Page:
From “Moral and Civic Education and Teaching About Religion”
California Department of Education
1991, Revised Edition
This 1991 edition was prepared in accordance with the provisions of Senate Concurrent Resolution number 32 and was Adopted by the California State Board of Education. The following selection is the “framework” adopted for teaching History and Social Science, including attention to religion.
History-Social Science Framework for California Public Schools
Kindergarten Through Grade Twelve (1988)
The Introduction lists 17 distinguishing characteristics of the 1988 History-Social Science Framework. Seven of these characteristics relate directly to moral and civic education and teaching about religion. They are:
- This framework incorporates a multicultural perspective throughout the history-social science curriculum. It calls on teachers to recognize that the history of community, state, region, nation, and world must reflect the experiences of men and women and of different racial, religious, and ethnic groups.
- This framework emphasizes the importance of the application of ethical understanding and civic virtue to public affairs. The curriculum provides numerous opportunities to discuss the ethical implications of how societies are organized and governed, what the state owes to its citizens, and what citizens owe to the state. Major historical controversies and events offer an appropriate forum for discussing the ethics of political decisions and for reflecting on individual and social responsibility for civic welfare in the world today.
- This framework encourages the development of civic and democratic values as an integral element of good citizenship. From the earliest grades students should learn the kind of behavior that is necessary for the functioning of a democratic society. They should learn how to select leaders and how to resolve disputes rationally. They should learn about the value of due process in dealing with infractions, and they should learn to respect the rights of the minority, even if this minority is only a single, dissenting voice. These democratic values should be taught in the classroom, in the curriculum, and in the daily life of the school.
- This framework supports the frequent study and discussion of the fundamental principles embodied in the United States Constitution and the Bill of Rights. Whether studying United States history or world history, students should be aware of the presence or absence of the rights of the individual, the rights of minorities, the right of the citizen to participate in government, the right to speak or publish freely without governmental coercion, the right to freedom of religion, the right to trial by jury, the right to form trade unions, and other basic democratic rights.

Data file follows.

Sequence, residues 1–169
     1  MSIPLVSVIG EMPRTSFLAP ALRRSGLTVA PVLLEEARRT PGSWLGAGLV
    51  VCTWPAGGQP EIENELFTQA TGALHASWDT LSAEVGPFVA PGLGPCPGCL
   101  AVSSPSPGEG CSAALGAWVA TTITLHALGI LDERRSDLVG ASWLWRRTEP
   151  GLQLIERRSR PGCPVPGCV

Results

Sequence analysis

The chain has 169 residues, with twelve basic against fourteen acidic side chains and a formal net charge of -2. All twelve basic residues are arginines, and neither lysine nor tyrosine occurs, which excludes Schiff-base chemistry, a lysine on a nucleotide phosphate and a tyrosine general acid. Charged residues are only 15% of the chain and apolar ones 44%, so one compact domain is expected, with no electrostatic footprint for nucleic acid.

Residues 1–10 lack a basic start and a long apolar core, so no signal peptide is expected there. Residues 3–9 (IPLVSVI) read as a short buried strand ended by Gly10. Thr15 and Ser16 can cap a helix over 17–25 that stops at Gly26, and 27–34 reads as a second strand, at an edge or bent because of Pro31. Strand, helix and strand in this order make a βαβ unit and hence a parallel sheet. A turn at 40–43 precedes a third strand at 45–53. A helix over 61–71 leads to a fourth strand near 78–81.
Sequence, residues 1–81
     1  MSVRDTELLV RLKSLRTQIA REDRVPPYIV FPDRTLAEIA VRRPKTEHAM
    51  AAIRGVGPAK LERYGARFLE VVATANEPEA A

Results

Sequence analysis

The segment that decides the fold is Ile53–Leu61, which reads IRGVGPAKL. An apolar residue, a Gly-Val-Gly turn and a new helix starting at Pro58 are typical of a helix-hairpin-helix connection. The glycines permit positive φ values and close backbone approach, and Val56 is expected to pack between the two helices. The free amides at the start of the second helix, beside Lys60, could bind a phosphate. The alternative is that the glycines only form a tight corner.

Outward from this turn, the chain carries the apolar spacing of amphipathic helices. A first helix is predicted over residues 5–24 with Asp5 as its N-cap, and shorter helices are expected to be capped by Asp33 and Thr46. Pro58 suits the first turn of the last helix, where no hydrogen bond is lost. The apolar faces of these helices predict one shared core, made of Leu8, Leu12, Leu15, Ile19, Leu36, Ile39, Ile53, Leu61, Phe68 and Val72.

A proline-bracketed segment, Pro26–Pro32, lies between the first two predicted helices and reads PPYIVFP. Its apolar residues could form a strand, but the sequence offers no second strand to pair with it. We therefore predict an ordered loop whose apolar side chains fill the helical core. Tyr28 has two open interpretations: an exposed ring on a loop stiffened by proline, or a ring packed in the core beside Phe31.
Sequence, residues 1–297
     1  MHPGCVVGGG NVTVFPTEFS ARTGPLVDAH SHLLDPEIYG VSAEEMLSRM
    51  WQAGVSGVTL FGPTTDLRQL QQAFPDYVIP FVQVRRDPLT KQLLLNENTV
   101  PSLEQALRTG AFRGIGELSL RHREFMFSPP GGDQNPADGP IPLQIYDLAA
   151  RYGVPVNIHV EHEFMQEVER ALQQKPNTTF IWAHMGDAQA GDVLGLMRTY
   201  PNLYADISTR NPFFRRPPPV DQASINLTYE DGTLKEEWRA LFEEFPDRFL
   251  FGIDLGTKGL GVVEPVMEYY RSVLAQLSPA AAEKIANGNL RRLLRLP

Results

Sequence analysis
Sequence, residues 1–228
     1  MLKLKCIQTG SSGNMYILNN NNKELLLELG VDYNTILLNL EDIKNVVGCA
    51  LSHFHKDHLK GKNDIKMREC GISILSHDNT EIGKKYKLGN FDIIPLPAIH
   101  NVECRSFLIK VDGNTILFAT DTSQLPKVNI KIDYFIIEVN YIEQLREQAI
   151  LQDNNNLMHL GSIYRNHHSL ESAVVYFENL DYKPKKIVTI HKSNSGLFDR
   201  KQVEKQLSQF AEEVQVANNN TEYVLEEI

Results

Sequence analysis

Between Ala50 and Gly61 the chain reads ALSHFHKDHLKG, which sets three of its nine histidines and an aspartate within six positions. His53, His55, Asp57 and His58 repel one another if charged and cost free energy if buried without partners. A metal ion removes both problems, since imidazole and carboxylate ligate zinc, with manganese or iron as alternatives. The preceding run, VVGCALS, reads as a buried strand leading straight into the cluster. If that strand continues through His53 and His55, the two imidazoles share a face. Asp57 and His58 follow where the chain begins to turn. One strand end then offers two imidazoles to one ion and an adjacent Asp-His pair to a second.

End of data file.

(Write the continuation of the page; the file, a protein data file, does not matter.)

- This framework encourages teachers to present controversial issues honestly and accurately within their historical or contemporary context. History without controversy is not good history, nor is such history as interesting to students as an account that captures the debates of the times. Students should understand that the events in history provoked controversy as do the events reported in today’s headlines. Through the study of controversial issues, both in history and in current affairs, students should learn that people in a democratic society have the right to disagree, that different perspectives have to be taken into account, and that judgments should be based on reasonable evidence, not on bias and emotion.
- This framework acknowledges the importance of religion in human history. When studying world history, students must become familiar with the basic ideas of the major religions and the ethical traditions of each time and place. Students are expected to learn about the role of religion in the founding of this country because many of our political institutions have their antecedents in religious beliefs. Students should understand the intense religious passions that have produced fanaticism and war as well as the political arrangements developed (such as separation of church and state) that allow different religious groups to live amicably in a pluralistic society.
- This framework provides opportunities for students’ participation in school and community service programs and activities. Teachers are encouraged to have students use the community to gather information regarding public issues and become familiar with individuals and organizations involved in public affairs. Campus and community beautification activities and volunteer service in community facilities such as hospitals and senior citizen or day care centers can provide students with opportunities to develop a commitment to public service and help link students in a positive way to their schools and communities.
[Excerpt from “Moral and Civic Education and Teaching About Religion.” 1991 (Revised Edition). California Department of Education. Education Resources Information Center.